Friday,20 October, 2017
Current issue | Issue 1236, (5 - 11 March 2015)
Friday,20 October, 2017
Issue 1236, (5 - 11 March 2015)

Ahram Weekly

The art of the bean

Rania Khallaf devours an artistic meal of sorts

The art of the bean
The art of the bean
Al-Ahram Weekly

When I first heard of an exhibition called “Fulography” by the young artist Mostafa Sleem, I thought, “Hmm, this must be folk-inspired.” I was not interested. But when Sleem started to post his paintings on Facebook, days before the exhibition, the exotic bright colours surrounding vague figures proved too tempting.

Sleem graduated from the Faculty of Fine Arts in Minya in 2003. He was born and brought up in that beautiful city of Middle Egypt, and his vision, he says, has developed in dramatic new ways since he came to Cairo. “The turning point happened when I was introduced to Samir Fouad and other well-known artists at the Wagih Yassa Art Salon in Rehab,” Sleem says, “not to mention Yassa himself,” who inaugurated the exhibition last week at the Zamalek Art Corner Gallery. “It was there that I learned...”

Sleem’s 31 paintings are all variations on a single theme: the science and art of eating ful (or broad beans) in Egypt. “Fulography” combines ful with glyph in reference to hieroglyphs. Each painting was a letter in Sleem’s artistic alphabet. Nothing in Egypt could be more traditional or pervasive than ful, yet Sleem manages to show just how rich and variable such a simple trope could be. The staple breakfast in any country, Sleem says, is after all a reflection of its culture and history.

“Eating foul differs from one place to another,” Sleem says, smiling. “It is one thing when you eat it at home with friends, another on the street, and still another in a restaurant. The most rich and amazing custom of all is having breakfast at a pushcart in a densely populated area like Shubra, which is famous for this tradition. It is there that you meet people from different walks of life, hear the early morning news along with humming, all kinds of drivel and joking. You can feel the rhythm of the street.”

One huge painting in acrylic features a ful man serving ful out of the distinctive huge pot with its long-necked ladle. The painting achieves an extraordinary sense of intimacy between man and pot. Other paintings show different aspects of the paraphernalia of ful – the donkeys that drag the pushcarts, the bread, the consumers – and reflect the full gamut of scenes and the associated emotions: joy, belonging, distress... The figures always appear in harmony, bleeding into each other. They have no borders to separate them. Abstract and expressionist techniques are combined in a new way.

“I didn’t start out with the idea but after completing two paintings on the same theme I felt that other scenes could be fished out of my head, and I loved the challenge of channelling my own emotions and ideas derived into this intimate tradition on canvas. The subject itself is less important than the technique, the relations between the figures and the general composition of each painting. Motion and speed are important: the ful man’s arm taking the hot stew out of the pot and placing it in bread, in a plastic bag or on a plate. He does this with incredible speed while talking to his customers and shouting jokes at the passers by. It’s incredible.”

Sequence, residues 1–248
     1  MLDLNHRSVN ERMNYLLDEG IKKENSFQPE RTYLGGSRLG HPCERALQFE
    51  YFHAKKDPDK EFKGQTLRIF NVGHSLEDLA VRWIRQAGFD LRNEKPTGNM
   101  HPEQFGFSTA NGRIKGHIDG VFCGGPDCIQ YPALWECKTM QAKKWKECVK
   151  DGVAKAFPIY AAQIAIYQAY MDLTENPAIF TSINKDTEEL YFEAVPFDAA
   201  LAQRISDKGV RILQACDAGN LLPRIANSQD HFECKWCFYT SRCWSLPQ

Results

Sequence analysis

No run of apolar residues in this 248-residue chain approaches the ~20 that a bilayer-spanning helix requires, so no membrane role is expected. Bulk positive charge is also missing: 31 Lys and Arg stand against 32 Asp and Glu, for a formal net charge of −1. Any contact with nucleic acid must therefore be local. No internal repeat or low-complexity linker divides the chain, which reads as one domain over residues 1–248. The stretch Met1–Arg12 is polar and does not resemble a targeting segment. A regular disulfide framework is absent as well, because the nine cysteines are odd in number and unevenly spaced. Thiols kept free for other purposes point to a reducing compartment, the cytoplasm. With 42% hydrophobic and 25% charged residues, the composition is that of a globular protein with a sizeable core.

This focus on speed, together with the caricature-like lines, gives the painting a remarkable light-hearted spirit. Sleem is also a cartoonist. “One of my cartoons,” he recalls, “was published only one day before 25 January Revolution – and it predicted its outbreak in its way. It was of a billiards table with two balls that have just collided. One looks like the Tunisian flag, the other like the Egyptian.” But, even though these are acrylic paintings on canvas, Sleem’s works are as much pop art as cartoon. They are very much in this spirit, and they are executed with such speed they resemble sketches; Sleem confirms this impression: he rarely makes sketches before he starts. With the smallest painting being 50 cm tall and 70 cm wide, Sleem gives himself ample space for details and treatments, exploring the same view from a range of angles.

The traditional ful pot and the curves of the female figure have something in common, and Sleem’s figures all benefit from this, with the pots at times recalling breasts and the female galabiyas echoing pots. But all the figures are the same: it is never clear whether they are male or female. Inanimate objects take on human form, humans take on the poise of the inanimate. A sense of physical intimacy pervades everything, with Sleem’s fantastic balance of warm and cool colours adding to the conversation. Sleem says he restricted his palette to orange, purple, blue and white to create unity, but the variety is still astonishing.

“Fulgraphy” is Sleem’s fifth solo exhibition. Last year’s exhibition, called “Protein” and also held at the Art Corner Gallery, was inaugurated by the celebrated novelist Sonallah Ibrahim. Sleem contributed work to exhibitions at the Mattress Factory Museum of Contemporary Art in Pittsburgh, Pennsylvania in 2012, and the NordArt Gallery in Germany in 2014. Sleem is also an occasional short story writer and poet, and a regular designer of book covers. In 2006, he designed a series of colouring books for children. He says it all feeds into his work. “This,” he points to a scene depicted from behind a window, “could be the seed of my next painting project: watching life through glass. Yes,” he smiles, “I have caught the thread.”

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